Ranariddh bid for more power rocks coalition
TRICIA FITZGERALD in Phnom Penh
Almost three years after a UN-sponsored election, the governing coalition put in place by King Norodom Sihanouk to avoid continuing civil war now seems set to disintegrate.
A recent national congress held by the royalist Funcinpec party has become a call to arms with the party's president, First Prime Minister Prince Norodom Ranariddh, threatening to pull out of the coalition and go for an early election if more power is not handed to him and his party.
'Funcinpec must be allowed to really run the country which is not the case after two years. From today we cannot accept this anymore,' Prince Ranariddh said at the congress' closing ceremony last Friday.
Until that congress, the 'marriage of convenience' between former battlefield enemies - the ex-communist Cambodian People's Party (CPP) and Funcinpec - had held firm with both premiers claiming they would continue the coalition well after elections scheduled for 1998.
The unlikely alliance was formed when elements within the powerful CPP, who had led Cambodia as a one-party state since 1979, refused to hand over power when Funcinpec, made up mainly of royalist resistance fighters, won the 1993 election.
For some observers, the threatened collapse of the coalition is a sign Cambodia's multi-party pluralism is finally coming of age. But among war-weary Cambodians, for whom the alliance represents political stability if not democracy, the fear is political change will turn to political violence.
'We are not ready for an early election, we have no census, no nationality laws, no electoral laws or rules to cover the formation of political parties,' one concerned Funcinpec MP said.
'An election without a coalition would mean a return to the killings and intimidation of the 1993 election when 42 Funcinpec members were killed and injured by CPP authorities and their supporters,' the MP said.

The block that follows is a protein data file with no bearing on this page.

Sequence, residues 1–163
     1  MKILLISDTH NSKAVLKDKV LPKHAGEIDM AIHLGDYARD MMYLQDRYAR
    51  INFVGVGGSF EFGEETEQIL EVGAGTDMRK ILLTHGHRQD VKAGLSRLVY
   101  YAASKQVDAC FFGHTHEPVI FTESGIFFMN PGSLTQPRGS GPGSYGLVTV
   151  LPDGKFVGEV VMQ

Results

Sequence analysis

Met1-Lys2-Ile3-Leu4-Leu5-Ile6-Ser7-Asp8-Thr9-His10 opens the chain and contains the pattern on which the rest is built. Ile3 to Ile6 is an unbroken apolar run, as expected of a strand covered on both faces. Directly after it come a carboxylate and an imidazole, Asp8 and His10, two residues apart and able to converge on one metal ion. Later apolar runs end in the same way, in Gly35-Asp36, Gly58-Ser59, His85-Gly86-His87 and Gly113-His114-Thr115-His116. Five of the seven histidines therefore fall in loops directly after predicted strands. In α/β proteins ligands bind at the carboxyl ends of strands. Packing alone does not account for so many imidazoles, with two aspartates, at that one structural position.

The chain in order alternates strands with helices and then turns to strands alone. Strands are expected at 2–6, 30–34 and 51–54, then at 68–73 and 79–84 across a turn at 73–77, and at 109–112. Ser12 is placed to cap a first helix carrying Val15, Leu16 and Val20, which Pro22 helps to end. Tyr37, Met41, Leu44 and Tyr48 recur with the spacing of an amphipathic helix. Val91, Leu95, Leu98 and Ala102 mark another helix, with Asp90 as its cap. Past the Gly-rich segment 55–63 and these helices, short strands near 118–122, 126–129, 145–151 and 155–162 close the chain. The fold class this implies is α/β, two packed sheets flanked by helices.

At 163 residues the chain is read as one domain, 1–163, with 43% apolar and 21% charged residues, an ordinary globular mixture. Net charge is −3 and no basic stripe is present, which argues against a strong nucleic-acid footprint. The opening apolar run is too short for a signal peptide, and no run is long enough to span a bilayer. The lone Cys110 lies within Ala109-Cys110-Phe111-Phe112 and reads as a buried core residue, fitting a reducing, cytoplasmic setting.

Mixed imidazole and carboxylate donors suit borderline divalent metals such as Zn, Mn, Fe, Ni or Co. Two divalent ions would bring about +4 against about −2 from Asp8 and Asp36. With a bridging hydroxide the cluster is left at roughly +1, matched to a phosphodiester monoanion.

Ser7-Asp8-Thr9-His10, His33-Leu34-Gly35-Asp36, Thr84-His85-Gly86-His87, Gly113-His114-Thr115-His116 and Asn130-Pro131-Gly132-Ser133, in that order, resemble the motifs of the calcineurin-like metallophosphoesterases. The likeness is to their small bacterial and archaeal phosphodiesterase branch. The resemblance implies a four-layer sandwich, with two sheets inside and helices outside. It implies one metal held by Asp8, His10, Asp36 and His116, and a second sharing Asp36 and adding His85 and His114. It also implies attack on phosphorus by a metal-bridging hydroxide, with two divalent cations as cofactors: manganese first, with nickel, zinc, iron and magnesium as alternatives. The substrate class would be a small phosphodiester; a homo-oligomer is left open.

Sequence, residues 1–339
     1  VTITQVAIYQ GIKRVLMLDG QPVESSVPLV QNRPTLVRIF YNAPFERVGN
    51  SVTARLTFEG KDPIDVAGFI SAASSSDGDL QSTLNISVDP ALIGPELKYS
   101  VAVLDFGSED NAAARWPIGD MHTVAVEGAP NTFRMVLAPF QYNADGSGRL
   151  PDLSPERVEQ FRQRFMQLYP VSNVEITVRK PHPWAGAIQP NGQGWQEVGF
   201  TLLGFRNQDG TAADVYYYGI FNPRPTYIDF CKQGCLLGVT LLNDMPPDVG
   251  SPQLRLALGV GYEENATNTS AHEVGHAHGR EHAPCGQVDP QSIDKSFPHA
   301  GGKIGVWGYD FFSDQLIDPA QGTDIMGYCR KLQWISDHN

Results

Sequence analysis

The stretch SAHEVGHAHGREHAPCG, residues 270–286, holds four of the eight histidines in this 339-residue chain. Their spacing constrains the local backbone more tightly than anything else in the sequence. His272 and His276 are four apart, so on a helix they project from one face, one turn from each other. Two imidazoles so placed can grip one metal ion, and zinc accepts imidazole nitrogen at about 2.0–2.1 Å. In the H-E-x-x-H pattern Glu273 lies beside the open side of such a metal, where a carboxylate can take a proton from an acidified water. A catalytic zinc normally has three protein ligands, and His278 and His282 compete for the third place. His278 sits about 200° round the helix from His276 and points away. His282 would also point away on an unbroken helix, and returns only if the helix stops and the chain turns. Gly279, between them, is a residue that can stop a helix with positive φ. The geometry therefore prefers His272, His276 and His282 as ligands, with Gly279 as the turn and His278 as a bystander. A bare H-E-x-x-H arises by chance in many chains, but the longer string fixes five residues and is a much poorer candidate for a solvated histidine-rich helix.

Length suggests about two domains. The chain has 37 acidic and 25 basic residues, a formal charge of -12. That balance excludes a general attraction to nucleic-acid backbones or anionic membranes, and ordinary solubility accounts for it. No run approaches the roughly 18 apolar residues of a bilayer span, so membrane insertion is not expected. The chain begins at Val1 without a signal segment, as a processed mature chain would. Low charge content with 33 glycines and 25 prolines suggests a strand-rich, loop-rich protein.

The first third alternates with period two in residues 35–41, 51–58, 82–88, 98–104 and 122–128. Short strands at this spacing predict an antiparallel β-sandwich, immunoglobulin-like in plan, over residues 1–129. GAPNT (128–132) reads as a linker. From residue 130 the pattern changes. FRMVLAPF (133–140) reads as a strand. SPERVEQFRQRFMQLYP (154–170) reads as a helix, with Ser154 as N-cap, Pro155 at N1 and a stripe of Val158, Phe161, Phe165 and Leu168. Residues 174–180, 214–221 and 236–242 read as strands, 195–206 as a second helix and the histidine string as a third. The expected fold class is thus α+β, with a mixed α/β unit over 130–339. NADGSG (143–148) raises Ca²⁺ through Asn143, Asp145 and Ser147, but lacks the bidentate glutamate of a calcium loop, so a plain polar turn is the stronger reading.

CPP insiders agree Prince Ranariddh may have bitten off more than he can chew by threatening to upset the political compromise between the relatively powerless Funcinpec and the well-established CPP machine.
While CPP official comment on the crisis has been limited to a call for restraint to its members and Second Prime Minister Hun Sen's demand for a public apology, behind the scenes the former communists are riled.
'In Cambodia . . . when the muscle flexing starts it leads to violence,' one CPP official said.
'It is now likely the CPP will withdraw even further from discussions about power sharing at the district level,' he said.
In a move which is likely to further incense the CPP, King Sihanouk has stepped into the crisis by threatening to call 'round table' negotiations if the feuding parties cannot reach a compromise.
'I will be able and totally within the constitution . . . to diplomatically interfere to put the 'train' of the Cambodian state back on track,' the king said.
Minority opposition parties might be the biggest winners in any breakdown of the tight alliance, which has so far banned the opposition Khmer Nation Party.
'There will be a new deal which may involve many new splits and alliances,' opposition leader Sam Rainsy said.
A former interior ministry official convicted for his role in a failed 1994 coup is to be released this week from prison for medical reasons, government sources and his family said yesterday. Sin Sen, the former under-secretary of state for the ministry who was sentenced to 18 years following the attempted putsch in July, 1994, will be placed under house arrest.
'The Ministry of Interior is preparing to transfer him from T-3 prison to his home,' Minister of Justice Chem Sgnuon said. 'The procedure is being carried out . . . with the approval of the king and the royal Government at the request of his family.' Sin Sen was one of three leaders convicted. Former interior minister General Sin Song escaped to Thailand where he was jailed for illegally entering the country, and Prince Norodom Chakrapong, one of King Sihanouk's sons, was exiled to France.